Help for library patrons

Download the some handy guides to get you started using the library telescope.

Quick Start Guide: Download

Observing Guide: Download


Help for educators

Are you an educator getting started with the SunSpotter Solar Telescope?  Here is help to get you started...

Read more about our program: Program Press Release


Help for library staff

How to plan star parties for your library:

Star Party Scheduling Guide: Download
 

Program Updates

Update on March 3, 2018:  We added two telescopes with one telescope going to Scenic Regional Library and the second to the Cape Girardeau Public Library.  This is a modest expansion with our focus in 2018  to raise awareness of the program with the public and performing maintenance on telescopes already in the program to ensure they are in good working order.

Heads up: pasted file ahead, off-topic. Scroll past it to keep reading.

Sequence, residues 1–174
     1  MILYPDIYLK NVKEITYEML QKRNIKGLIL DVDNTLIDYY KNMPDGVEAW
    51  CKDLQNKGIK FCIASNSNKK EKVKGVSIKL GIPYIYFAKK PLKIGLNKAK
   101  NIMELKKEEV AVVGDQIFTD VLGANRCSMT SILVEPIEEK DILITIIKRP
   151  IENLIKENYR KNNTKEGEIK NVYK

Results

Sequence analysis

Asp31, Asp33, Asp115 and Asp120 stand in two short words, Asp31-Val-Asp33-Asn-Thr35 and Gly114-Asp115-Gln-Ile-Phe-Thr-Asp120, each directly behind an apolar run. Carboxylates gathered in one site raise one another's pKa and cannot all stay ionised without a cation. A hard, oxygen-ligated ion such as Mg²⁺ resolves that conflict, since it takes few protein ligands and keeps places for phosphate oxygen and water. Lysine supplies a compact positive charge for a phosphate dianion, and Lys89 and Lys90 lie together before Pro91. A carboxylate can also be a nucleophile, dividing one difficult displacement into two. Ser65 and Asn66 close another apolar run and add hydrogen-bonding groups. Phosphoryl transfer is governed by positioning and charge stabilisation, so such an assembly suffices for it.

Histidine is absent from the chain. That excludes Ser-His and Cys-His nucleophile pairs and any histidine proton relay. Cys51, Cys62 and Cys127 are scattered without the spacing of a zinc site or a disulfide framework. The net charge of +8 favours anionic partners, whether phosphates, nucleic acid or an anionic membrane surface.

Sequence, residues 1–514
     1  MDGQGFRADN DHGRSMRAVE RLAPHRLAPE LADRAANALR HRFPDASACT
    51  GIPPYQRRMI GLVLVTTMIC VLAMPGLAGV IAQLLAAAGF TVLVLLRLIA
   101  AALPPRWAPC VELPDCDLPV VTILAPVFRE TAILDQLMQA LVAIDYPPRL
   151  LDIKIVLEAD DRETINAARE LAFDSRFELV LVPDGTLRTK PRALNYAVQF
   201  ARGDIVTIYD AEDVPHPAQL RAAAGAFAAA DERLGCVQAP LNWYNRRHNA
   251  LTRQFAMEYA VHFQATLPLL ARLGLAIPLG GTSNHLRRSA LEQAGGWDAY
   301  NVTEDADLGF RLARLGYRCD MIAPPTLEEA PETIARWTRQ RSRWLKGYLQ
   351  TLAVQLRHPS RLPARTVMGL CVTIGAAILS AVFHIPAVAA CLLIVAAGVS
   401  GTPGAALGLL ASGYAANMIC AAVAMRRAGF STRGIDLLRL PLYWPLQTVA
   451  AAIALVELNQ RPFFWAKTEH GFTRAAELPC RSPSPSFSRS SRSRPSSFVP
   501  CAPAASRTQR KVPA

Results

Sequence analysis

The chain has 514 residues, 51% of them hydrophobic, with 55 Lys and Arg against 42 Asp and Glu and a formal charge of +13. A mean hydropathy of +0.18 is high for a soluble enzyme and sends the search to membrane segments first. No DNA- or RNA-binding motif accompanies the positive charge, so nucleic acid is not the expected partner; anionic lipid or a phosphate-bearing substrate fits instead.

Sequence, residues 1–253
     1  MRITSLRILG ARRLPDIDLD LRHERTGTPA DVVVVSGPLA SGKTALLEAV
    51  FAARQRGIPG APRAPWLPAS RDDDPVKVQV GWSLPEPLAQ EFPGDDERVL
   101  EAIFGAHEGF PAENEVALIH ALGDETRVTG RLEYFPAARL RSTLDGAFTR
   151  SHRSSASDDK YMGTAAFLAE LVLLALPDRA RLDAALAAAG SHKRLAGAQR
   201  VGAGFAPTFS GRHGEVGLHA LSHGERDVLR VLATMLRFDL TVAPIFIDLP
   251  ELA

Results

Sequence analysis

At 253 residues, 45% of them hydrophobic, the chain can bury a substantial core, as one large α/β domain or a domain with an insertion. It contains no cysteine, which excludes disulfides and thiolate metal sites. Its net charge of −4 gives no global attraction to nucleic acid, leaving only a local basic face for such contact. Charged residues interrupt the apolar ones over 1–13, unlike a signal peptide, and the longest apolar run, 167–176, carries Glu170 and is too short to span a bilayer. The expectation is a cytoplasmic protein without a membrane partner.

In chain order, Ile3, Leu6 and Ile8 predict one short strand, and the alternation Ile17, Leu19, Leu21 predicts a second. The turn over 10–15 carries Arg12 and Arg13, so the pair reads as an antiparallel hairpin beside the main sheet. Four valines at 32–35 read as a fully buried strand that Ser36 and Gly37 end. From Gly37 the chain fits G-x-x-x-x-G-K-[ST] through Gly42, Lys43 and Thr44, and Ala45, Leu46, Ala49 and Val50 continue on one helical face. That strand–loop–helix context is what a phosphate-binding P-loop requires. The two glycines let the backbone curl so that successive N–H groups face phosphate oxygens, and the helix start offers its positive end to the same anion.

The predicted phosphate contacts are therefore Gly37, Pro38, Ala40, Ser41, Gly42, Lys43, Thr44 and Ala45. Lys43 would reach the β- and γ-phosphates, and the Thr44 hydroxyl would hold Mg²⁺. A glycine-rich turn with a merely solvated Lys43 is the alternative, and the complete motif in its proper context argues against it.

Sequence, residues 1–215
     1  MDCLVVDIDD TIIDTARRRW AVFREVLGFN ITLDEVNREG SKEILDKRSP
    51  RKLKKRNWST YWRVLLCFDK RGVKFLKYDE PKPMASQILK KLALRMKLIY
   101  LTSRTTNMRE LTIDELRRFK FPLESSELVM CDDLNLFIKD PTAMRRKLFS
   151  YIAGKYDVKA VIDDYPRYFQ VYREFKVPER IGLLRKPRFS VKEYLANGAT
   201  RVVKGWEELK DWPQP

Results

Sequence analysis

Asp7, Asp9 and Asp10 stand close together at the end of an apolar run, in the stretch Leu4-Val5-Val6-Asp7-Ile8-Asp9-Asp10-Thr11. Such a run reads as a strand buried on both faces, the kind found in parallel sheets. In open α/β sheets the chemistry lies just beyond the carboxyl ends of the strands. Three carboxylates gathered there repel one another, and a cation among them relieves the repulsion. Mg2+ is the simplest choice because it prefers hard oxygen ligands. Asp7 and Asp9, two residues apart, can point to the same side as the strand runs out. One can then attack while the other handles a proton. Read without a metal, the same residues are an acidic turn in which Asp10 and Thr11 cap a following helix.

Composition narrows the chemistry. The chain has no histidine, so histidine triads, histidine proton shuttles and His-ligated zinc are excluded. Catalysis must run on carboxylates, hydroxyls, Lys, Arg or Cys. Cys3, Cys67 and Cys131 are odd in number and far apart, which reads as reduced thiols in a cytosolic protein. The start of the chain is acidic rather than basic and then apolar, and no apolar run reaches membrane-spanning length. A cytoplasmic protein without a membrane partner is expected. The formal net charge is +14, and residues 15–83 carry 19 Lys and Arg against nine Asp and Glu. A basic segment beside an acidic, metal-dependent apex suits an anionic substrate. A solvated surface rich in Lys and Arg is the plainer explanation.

Update on March 31, 2017:  The St. Louis Library Telescope program added a new program offering telescopes for exclusive checkout by educators.  18 telescopes were added including 13 telescopes were Sunspotter Solar Telescopes for use in viewing the Sun and 5 telescopes were Orion StarBlast 4.5" Reflector Telescopes use in viewing the night sky. 

Press release


News Stories


 

EditRegispan class="style1">This site established February 20, 2001. This site was last updated March 28th, 2010